Transportation costs – The Paris public transport system is one of the world’s most comprehensive and efficient. Every other block has a metro (subway) stop. A single-use metro/bus ticket costs 1.90 EUR (2 EUR if you buy it on the bus).  A “carnet” of 10 single-use tickets costs about 14.50 EUR, or you can get a day pass for all modes of public transportation (bus, metro, trams, and suburban trains called the RER) for around 11.65 EUR. The day pass, called ParisVisite, also gives you discounts to some major Parisian landmarks. You can buy tickets at any metro station. (Note: There are cheaper day passes available if you are under 26, as well as discounted prices on weekends and holidays, but they are only explained on the French website. If you can speak passable French, and are under 26, you can ask for those reduced fares instead.)  Taxis in the city are expensive (rides cost a minimum of 6.50 EUR regardless of where you are going) and, with the metro running late into the night, there’s little reason to take them. Uber is also a cheaper option than taxis, with a base fare of 1 EUR and costs 0.25 per min/1 EUR per km. The RER train to Charles de Gaulle airport is about 10 EUR and takes about 40 minutes.

Suggested daily budget – 50-70 EUR / 52-72 USD (Note: This is a suggested budget assuming you’re staying in a hostel, eating out a little, cooking most of your meals, and using local transportation. Using the budget tips below, you can always lower this number. However, if you stay in fancier accommodation or eat out more often, expect this to be higher!)

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Money Saving Tips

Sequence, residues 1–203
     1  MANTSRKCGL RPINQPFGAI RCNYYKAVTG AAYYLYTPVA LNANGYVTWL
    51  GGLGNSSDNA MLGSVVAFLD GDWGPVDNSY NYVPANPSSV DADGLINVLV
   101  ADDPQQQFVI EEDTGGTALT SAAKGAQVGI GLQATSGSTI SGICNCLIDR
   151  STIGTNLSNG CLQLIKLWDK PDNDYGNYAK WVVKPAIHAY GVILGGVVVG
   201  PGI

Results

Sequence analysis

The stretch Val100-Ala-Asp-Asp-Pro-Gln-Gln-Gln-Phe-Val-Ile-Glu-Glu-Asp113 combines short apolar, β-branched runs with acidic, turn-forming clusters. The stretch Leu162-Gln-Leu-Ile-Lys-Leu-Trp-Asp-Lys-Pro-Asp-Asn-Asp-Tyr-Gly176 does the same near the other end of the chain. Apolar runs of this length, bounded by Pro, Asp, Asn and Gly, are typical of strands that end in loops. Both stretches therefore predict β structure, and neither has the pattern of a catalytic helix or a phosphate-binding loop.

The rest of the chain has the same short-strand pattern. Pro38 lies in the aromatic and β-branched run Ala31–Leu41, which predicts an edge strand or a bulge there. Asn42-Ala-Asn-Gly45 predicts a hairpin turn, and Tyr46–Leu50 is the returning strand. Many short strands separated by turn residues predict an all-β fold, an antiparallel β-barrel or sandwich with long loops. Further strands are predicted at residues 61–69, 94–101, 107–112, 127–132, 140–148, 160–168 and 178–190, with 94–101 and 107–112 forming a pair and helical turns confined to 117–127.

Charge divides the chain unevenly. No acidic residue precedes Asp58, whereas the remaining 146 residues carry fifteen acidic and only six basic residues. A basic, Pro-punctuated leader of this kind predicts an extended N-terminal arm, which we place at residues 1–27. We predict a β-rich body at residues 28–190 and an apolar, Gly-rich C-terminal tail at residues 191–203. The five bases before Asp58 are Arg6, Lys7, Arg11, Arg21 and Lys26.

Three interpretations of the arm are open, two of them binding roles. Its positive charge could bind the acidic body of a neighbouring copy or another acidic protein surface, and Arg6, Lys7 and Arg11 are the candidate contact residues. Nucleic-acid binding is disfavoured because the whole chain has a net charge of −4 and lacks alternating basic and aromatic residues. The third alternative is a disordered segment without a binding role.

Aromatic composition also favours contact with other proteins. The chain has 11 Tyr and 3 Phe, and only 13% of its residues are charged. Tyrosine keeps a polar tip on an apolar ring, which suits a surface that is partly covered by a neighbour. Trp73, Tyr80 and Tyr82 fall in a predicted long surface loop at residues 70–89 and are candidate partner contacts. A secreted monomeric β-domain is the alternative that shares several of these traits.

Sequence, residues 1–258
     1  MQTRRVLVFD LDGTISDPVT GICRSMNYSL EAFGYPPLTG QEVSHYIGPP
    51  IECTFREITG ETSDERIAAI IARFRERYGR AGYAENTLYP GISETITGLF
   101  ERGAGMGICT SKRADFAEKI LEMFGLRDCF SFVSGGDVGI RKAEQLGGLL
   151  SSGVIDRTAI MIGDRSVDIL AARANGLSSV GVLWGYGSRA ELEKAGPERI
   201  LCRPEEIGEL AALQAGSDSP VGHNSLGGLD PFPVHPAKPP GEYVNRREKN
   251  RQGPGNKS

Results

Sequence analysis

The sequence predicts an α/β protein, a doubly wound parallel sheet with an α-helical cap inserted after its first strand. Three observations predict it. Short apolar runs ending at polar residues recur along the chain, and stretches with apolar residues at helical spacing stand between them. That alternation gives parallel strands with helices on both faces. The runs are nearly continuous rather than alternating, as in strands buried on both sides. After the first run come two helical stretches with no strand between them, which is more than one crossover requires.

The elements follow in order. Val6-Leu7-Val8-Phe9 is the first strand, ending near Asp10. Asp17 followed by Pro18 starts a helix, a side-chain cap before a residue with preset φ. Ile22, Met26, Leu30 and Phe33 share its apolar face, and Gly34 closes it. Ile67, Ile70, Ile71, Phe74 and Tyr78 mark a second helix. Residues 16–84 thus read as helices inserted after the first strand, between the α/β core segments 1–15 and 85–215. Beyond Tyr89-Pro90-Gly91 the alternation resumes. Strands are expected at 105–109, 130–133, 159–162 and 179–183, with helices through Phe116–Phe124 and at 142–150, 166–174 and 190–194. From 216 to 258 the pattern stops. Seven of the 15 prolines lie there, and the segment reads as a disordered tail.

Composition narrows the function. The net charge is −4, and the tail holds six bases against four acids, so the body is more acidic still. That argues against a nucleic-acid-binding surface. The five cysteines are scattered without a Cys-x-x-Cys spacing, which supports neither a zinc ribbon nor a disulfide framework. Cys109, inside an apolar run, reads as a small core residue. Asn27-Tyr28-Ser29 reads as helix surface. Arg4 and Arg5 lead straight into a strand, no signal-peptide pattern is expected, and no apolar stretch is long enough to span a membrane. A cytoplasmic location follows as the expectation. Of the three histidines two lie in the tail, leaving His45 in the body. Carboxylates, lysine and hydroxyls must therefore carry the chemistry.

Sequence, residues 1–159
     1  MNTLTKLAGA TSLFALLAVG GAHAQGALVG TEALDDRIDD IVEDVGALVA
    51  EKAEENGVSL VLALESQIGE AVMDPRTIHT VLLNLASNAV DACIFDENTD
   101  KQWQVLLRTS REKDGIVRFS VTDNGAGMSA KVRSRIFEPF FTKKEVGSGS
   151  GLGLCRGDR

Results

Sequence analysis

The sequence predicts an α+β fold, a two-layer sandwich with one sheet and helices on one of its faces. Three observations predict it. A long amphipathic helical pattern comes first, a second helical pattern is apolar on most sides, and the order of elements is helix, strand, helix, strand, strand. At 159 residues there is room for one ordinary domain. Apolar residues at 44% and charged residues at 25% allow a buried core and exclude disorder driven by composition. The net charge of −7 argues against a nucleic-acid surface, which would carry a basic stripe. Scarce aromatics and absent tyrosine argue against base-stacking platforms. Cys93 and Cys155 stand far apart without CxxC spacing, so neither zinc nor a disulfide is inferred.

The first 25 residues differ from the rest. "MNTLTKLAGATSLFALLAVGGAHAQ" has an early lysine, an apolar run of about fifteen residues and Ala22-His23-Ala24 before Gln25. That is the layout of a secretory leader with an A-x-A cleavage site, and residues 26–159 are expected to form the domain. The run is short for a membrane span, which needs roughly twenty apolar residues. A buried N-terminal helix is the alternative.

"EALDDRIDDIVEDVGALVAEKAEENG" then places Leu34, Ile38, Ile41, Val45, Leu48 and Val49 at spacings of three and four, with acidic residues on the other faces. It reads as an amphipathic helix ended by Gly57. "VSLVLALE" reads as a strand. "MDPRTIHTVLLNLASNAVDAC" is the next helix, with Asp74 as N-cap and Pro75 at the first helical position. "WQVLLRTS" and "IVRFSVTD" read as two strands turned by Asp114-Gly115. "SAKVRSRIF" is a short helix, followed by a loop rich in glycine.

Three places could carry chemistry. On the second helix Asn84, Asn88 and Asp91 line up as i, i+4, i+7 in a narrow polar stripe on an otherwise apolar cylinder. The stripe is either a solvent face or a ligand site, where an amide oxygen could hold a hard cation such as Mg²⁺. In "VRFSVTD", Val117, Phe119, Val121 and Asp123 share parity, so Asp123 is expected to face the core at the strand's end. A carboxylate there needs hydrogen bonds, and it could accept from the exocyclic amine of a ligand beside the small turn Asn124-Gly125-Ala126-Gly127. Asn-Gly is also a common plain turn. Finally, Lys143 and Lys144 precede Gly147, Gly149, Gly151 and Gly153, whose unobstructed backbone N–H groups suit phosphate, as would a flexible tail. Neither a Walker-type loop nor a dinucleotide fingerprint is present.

• Discounts at The Louvre – The Louvre is free after 6pm on Fridays if you’re under 26, and on the first Sunday of October to March. It is closed on Tuesdays. It’s located in the center of the city and has two metro stops – both marked “Louvre.” Get off at either one. If you enter from the Louvre stop, you’ll be able to skip the line.
  • Buy a metro card – Paris has over 300 subway stations, so it is easy to get around the city. A day pass is only 11.65 EUR. Moreover, if you buy 10 tickets or a “carnet”, it only costs about 14.50 EUR, much cheaper than the 1.90 EUR for each individual ticket. The day pass, called ParisVisite, also gives you discounts to some major Parisian landmarks.
  • Have a picnic – With so many beautiful parks and outdoor gardens, it would be hard not to take advantage of this. Eating in Paris is cheap when you do your own shopping. Buy some bread, cheese, and meat at the local shops and have an outdoor picnic. It’s fun and will cost you a fraction of what a restaurant would.
  • Paris Museum Pass – This is a prepaid card that gets you access to over 70 museums and monuments around Paris. A two-day one is 42 EUR, a two-day pass is only 56 EUR, and a six-day pass is only 69 EUR. This is perfect for the museum hopper and for anyone that wants to save money and get ahead in line. Since most people visit lots of museums in the city, you’re pretty much guaranteed to save money.
  • Paris Pass – This is a super-sized version of the Paris Museum Pass and is for people who are going to be doing heavy sightseeing in a short period of time. You can purchase a two-day pass for €117, a four-day pass for €173, or a six-day pass for €210. It includes a TON of sights, the ability to skip lines, and a free hop-on, hop-off bus tour (in addition to everything in the Paris Museum Pass).